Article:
And this film, culled from rehearsal footage from Mr. Jackson's final concert that was prepping before his death, doesn't do a thing to change that. In fact, if anything, it makes me appreciate him less, simply because he should have had the brains enough to realize that he wasn't even close to being up to the task of putting on this concert.

He looks awful here...frighteningly so. He sounds awful, he dances awful, everything is awful.

What's the point of this film exactly? We're not seeing Jackson at his best -- he fully admits that he's "not singing out" in order to save his voice (although I wonder if it's simply that he had no voice to begin with at this stage in his life). His famous dance moves are reduced to geriatric foot dragging. So, why do the fans really want to see this? He looks like he's falling apart. Is this how you want to remember him?

Admittedly, it's kind of tough to rate this, but in the end, the film never needed to be made/released and, in its current form, it's a complete snoozefest to sit through. Sure, the King of Pop may have written a few good tunes in his time, but they certainly weren't showcased in any way you'd want to remember them here.

The RyMickey Rating: F

Thursday, November 19, 2009

A Christmas Movie a Day Line-Up - REVISED

EDITED on 11/22/09 to add The Merry Gentleman and remove How the Grinch Stole Christmas (because I already know I despise the latter, so why subject myself to watch Jim Carrey ham it up again?)

So, my Christmas Movie a Day task starts next Wednesday and for 31 days, I'll be posting a Christmas movie review a day. Now, there will be certain liberties (two days will be set aside for classic Christmas tv specials rather than movies), but the general idea is there.

Here's the line-up of flicks I'm undertaking (subject to change, of course, mainly based on Netflix availability). I tried to do a wide variety of flicks from all eras, so there's a good mix of old and new. Watch along with me if you'd like...the movies are linked to their imdb page. Those that are starred are movies that I have never seen before, so, as you'll notice, half of them will be new to me.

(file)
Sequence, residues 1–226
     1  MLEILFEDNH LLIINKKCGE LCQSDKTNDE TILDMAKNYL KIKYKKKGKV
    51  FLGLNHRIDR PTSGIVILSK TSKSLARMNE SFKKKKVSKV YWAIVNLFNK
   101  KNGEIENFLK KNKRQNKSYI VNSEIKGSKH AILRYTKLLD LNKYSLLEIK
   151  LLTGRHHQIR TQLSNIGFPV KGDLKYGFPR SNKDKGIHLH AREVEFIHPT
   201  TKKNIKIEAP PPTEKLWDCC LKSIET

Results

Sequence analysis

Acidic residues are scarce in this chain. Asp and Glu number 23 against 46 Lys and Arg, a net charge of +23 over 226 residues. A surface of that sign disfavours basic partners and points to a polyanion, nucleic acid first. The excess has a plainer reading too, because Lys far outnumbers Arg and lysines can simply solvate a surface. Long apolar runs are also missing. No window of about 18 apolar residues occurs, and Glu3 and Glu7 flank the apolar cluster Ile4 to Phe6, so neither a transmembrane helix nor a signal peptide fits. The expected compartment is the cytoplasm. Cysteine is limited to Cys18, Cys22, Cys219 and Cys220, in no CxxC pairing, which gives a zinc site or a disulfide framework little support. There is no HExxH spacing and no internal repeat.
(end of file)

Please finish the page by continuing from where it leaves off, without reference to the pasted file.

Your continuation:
Movie Review - Where the Wild Things Are (2009)

Starring Max Records, Catherine Keener, Mark Ruffalo, and the voices of James Gandolfini, Lauren Ambrose, Catherine O'Hara, Chris Cooper, Paul Dano, and Forrest Whitaker
Directed by Spike Jonze

I can't even begin to tell you how much I want to like this movie. It has so many positive things going for it...unfortunately, a story is not one of them. And the lack of any type of strong narrative really manages to bring this movie down. I tried my hardest not to be bored, but the screenwriters need to give me a little something to keep me engaged.

Young Max isn't happy. His older sister is abandoning him for friends of a similar age. His mom is either working or spending time dating. One night, he flips out, bites his mother, and then runs away "into his imagination" to a land inhabited by larger than life monsters and animals. Max befriends these monsters, becomes their king, and realizes that their problems are similar to humankind.

I guess the problem with adapting a small children's picture book to the big screen is that you're inevitably going to have to add stuff in order to pad the running time into a feature film. There were little vignettes here and there in the film that worked, but it didn't really feel like a cohesive story.

And it's incredibly unfortunate because everything else on display here is top notch. I was quite impressed with young Max Records as Max. I don't think his role as a rambunctious youth was an easy one to play (mainly because the story doesn't really give him a whole lot of motivation or reasoning behind the things he does), but he's onscreen for nearly every scene and I was quite impressed with his work. Catherine Keener's role as his mom is very minimal, but she surprisingly made an impression on me (in a good way) despite her limited screen time.

Let's discuss the monsters now...there's some great puppetry/costumes going on here. Stunning stuff. Each monster manages to have their own distinct personality thanks to some great voice work and some amazing movements. I can't get over how "real" the facial reactions and arm movements and stances of the puppeteers felt to me...like watching a person onscreen instead of a furry creature. Like I said, the voices matched the monsters perfectly. James Gandolfini, Catherine O'Hara, Chris Cooper, Lauren Ambrose, and Forrest Whitaker all deserve kudos for creating believable monsters via their voicework.

And despite the fact that his screenplay was weak, as a director, Spike Jonze is something special. The film looked exquisite. Even in the opening scenes at Max's house, I was surprised by how much I liked the visuals. I like that Jonze doesn't rush things and he lets scenes sit there for a while (I know...kind of opposite to the fact that I said the movie was boring, but that's the fault of the script). I can see how some would watch the final scene of this movie - a perfect example of what I mention above -- and go, "What the heck was that?," but I looked at it and was pleased with it.